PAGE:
FilmJerk Favorites

A group of unique directors and the essential works that you've got to see.

||| Andrei Tarkovsky |||
Andrei Tarkovsky

Tarkovsky's contemplative, metaphysical films, more experienced than watched, are perhaps best described in the director's own words: sculptures in time.

In the post-apocalypse, a writer and scientist hire a "stalker" to guide them into The Zone, a mysterious and restricted wasteland with fabled, alien properties. Their journey, captured by Tarkovsky as a succession of incredible images, has, since, been read as political commentary, religious allegory, and Chernobyl prophesized.

Tarkovsky's visionary biography of the 15th-century icon painter is one of cinema's most majestic and solemn experiences. In some way, it will change you.

An adaptation of Stanis?aw Lem's novel of the same name, Tarkovsky's genre-less sci-fi film, which is set mostly aboard a space station hovering off a strange planet, tangles with issues of identity, death and reality in a way that will leave you agape, in the full meaning.

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Ju-On

By EdwardHavens

July 21st, 2004

After some time of underground hype, thanks to its availability on import DVD's and peer-to-peer networks, the Japanese horror film "Ju-On" (film has lost its subtitle, "The Grudge") finally makes its belated American theatrical debut this summer, a few months before the release of the American remake starring Sarah Michelle Gellar. Promising a mixture of terror and excitement to rival "The Texas Chainsaw Massacre" and the "Evil Dead" series, film instead comes off as a nearly bloodless and scare-free exercise in futility, jumping from scene to scene with very little continuity and even less comprehension of the concept of true fear.


After a short title card explaining the concept of "Ju-On," in which a curse is born of a grudge held by a person who dies in the grip of a powerful anger and recreating itself with every subsequent victim, the story begins as Rika, a volunteer home-care worker, is assigned to visit the house of a bed-ridden older woman, after the previous home-care person goes missing. Rika discovers a filthy home and the old woman lying in a soiled bed, perceptibly horrified of an unseen force. Investigating the two-story dwelling, Rika finds in an upstairs bedroom a closet covered with duct tape, where she finds a young boy and a black cat. The boy disappears, and Rika soon sees a spirit floating over the old woman, sending her into a deep shock. Thus begins a series of incidents involving the old woman's son, his wife and younger sister, a close friend of Rika's, the detective who previously investigated a murder at the house, his family and a group of his daughter's friends, all whom fall prey to the vengeance of the spirit where the grudge began.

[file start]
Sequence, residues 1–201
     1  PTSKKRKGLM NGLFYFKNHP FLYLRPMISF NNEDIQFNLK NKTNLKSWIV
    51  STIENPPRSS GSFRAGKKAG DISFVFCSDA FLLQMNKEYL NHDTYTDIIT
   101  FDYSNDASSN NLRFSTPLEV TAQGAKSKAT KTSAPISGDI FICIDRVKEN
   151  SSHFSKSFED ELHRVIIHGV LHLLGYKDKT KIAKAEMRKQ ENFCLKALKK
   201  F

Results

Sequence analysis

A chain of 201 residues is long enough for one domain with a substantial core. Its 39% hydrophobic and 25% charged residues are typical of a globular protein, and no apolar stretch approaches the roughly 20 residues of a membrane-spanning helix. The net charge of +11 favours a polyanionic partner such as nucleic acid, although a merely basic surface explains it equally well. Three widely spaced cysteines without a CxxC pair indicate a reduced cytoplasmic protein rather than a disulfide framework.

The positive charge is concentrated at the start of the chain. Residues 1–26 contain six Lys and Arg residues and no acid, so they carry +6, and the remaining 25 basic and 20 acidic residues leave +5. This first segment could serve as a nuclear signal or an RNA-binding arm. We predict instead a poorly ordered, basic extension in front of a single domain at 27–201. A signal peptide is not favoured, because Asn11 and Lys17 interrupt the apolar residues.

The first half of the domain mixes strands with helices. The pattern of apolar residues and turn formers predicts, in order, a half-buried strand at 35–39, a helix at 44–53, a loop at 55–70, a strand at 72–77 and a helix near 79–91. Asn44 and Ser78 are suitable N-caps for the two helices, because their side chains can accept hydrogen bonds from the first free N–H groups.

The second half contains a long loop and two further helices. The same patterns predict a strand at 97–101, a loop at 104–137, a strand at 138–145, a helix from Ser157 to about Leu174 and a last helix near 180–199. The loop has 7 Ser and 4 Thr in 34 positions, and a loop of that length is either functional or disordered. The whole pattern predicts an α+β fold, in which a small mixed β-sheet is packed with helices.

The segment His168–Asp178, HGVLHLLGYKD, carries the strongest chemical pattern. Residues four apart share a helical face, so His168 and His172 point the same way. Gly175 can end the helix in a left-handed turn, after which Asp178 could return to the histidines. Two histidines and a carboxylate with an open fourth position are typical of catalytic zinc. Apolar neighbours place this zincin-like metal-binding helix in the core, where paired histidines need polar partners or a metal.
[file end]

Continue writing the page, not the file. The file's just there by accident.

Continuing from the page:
Like a number of Al Adamson's movies from the 1970s, the film does not deliver on its promises. Like far too many low-budget independent horror films, the scares are few and far between, with the filmmakers sadly substituting extra loud sound effects in place of scenes of real terror. It also does not help that there is not a single character developed to any degree to actually care about their situations. Despite the explanation at the start, there is little attempt to tie most of the characters or storylines, told in a series of Tarantino-esque bouncing back and forth through time sequences, together. Some characters come and go, disappear and presumed dead, only to reappear moments later. Others only show up to help torment specific people at a specific time, despite not having anything to do with any of those previously falling victim to the grudge, before disappearing, never to be heard from or spoken about again. A true deus ex machina.

Not that incoherent storylines and one-dimensional characters are seen as detrimental to an audience's enjoyment of a film. Sometimes, it's fun to just sit back and enjoy a horror movie without complex themes or intricate depictions of interesting people. Provided, of course, the film has genuine scares, an interesting visual motif or effective sound effects. However, this may be the very first time I've seen an R-rated (for some disturbing images) horror film that did not shock me once. A remake of his 2000 direct to video feature, hopefully director Takashi Shimizu will get it right the third time around, being the director of that previously mentioned American remake.

My rating: D